“Power?” The king snorted. “I have thirteen hundred men on Dragonstone, another three hundred at Storm’s End.” His hand swept over the Painted Table. “The rest of Westeros is in the hands of my foes. I have no fleet but Salladhor Saan’s. No coin to hire sellswords. No prospect of plunder or glory to lure freeriders to my cause.”

  “Lord husband,” said Queen Selyse, “you have more men than Aegon did three hundred years ago. All you lack are dragons.”

  The look Stannis gave her was dark. “Nine mages crossed the sea to hatch Aegon the Third’s cache of eggs. Baelor the Blessed prayed over his for half a year. Aegon the Fourth built dragons of wood and iron. Aerion Brightflame drank wildfire to transform himself. The mages failed, King Baelor’s prayers went unanswered, the wooden dragons burned, and Prince Aerion died screaming.”

  Queen Selyse was adamant. “None of these was the chosen of R’hllor. No red comet blazed across the heavens to herald their coming. None wielded Lightbringer, the red sword of heroes. And none of them paid the price. Lady Melisandre will tell you, my lord. Only death can pay for life.”

  “The boy?” The king almost spat the words.

  “The boy,” agreed the queen.

  “The boy,” Ser Axell echoed.

  “I was sick unto death of this wretched boy before he was even born,” the king complained. “His very name is a roaring in my ears and a dark cloud upon my soul.”

  “Give the boy to me and you need never hear his name spoken again,” Melisandre promised.

  No, but you’ll hear him screaming when she burns him. Davos held his tongue. It was wiser not to speak until the king commanded it.

  “Give me the boy for R’hllor,” the red woman said, “and the ancient prophecy shall be fulfilled. Your dragon shall awaken and spread his stony wings. The kingdom shall be yours.”

  Ser Axell went to one knee. “On bended knee I beg you, sire. Wake the stone dragon and let the traitors tremble. Like Aegon you begin as Lord of Dragonstone. Like Aegon you shall conquer. Let the false and the fickle feel your flames.”

  “Your own wife begs as well, lord husband.” Queen Selyse went down on both knees before the king, hands clasped as if in prayer. “Robert and Delena defiled our bed and laid a curse upon our union. This boy is the foul fruit of their fornications. Lift his shadow from my womb and I will bear you many trueborn sons, I know it.” She threw her arms around his legs. “He is only one boy, born of your brother’s lust and my cousin’s shame.”

  “He is mine own blood. Stop clutching me, woman.” King Stannis put a hand on her shoulder, awkwardly untangling himself from her grasp. “Perhaps Robert did curse our marriage bed. He swore to me that he never meant to shame me, that he was drunk and never knew which bedchamber he entered that night. But does it matter? The boy was not at fault, whatever the truth.”

  Melisandre put her hand on the king’s arm. “The Lord of Light cherishes the innocent. There is no sacrifice more precious. From his king’s blood and his untainted fire, a dragon shall be born.”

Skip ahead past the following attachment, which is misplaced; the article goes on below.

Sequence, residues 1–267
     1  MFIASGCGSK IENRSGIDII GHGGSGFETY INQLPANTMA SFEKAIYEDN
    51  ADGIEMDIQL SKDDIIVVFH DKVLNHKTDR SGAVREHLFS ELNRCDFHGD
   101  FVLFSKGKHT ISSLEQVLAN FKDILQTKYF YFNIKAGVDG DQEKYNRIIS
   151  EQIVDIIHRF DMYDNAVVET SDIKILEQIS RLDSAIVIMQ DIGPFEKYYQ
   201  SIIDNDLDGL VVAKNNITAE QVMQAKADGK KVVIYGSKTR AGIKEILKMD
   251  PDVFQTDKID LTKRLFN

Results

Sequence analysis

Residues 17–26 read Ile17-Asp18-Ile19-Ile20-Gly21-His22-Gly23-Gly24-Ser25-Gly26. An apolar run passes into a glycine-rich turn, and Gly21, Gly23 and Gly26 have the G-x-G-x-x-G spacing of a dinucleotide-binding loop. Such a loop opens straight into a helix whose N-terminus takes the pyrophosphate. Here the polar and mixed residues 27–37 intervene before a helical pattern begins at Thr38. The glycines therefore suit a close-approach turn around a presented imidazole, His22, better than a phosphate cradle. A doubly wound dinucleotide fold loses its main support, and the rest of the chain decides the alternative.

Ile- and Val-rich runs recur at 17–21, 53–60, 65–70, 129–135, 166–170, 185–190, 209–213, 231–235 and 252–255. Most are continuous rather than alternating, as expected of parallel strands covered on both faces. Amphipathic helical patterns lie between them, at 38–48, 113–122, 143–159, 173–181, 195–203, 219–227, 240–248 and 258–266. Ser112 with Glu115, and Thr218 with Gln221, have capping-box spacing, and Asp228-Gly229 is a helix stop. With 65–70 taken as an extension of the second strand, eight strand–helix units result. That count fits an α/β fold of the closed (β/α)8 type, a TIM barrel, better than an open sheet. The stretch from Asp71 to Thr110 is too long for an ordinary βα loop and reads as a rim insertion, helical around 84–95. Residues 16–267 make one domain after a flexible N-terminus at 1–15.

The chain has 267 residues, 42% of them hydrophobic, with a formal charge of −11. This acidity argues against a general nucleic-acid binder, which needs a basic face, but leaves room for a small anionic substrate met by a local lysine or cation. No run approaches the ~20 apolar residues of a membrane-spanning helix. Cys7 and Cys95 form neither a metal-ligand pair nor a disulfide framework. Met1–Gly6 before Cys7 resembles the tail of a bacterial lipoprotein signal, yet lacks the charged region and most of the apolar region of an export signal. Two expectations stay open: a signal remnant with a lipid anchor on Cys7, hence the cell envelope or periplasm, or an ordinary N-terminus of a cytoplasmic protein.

Stannis did not pull away from Melisandre’s touch as he had from his queen’s. The red woman was all Selyse was not; young, full-bodied, and strangely beautiful, with her heart-shaped face, coppery hair, and unearthly red eyes. “It would be a wondrous thing to see stone come to life,” he admitted, grudging. “And to mount a dragon… I remember the first time my father took me to court, Robert had to hold my hand. I could not have been older than four, which would have made him five or six. We agreed afterward that the king had been as noble as the dragons were fearsome.” Stannis snorted. “Years later, our father told us that Aerys had cut himself on the throne that morning, so his Hand had taken his place. It was Tywin Lannister who’d so impressed us.” His fingers touched the surface of the table, tracing a path lightly across the varnished hills. “Robert took the skulls down when he donned the crown, but he could not bear to have them destroyed. Dragon wings over Westeros… there would be such a…”

  “Your Grace!” Davos edged forward. “Might I speak?”

  Stannis closed his mouth so hard his teeth snapped. “My lord of the Rainwood. Why do you think I made you Hand, if not to speak?” The king waved a hand. “Say what you will.”

  Warrior, make me brave. “I know little of dragons and less of gods… but the queen spoke of curses. No man is as cursed as the kinslayer, in the eyes of gods and men.”

  “There are no gods save R’hllor and the Other, whose name must not be spoken.” Melisandre’s mouth made a hard red line. “And small men curse what they cannot understand.”

  “I am a small man,” Davos admitted, “so tell me why you need this boy Edric Storm to wake your great stone dragon, my lady.” He was determined to say the boy’s name as often as he could.

  “Only death can pay for life, my lord. A great gift requires a great sacrifice.”

  “Where is the greatness in a baseborn child?”

  “He has kings’ blood in his veins. You have seen what even a little of that blood could do—”

  “I saw you burn some leeches.”

  “And two false kings are dead.”

  “Robb Stark was murdered by Lord Walder of the Crossing, and we have heard that Balon Greyjoy fell from a bridge. Who did your leeches kill?”

  “Do you doubt the power of R’hllor?”

  No. Davos remembered too well the living shadow that had squirmed from out her womb that night beneath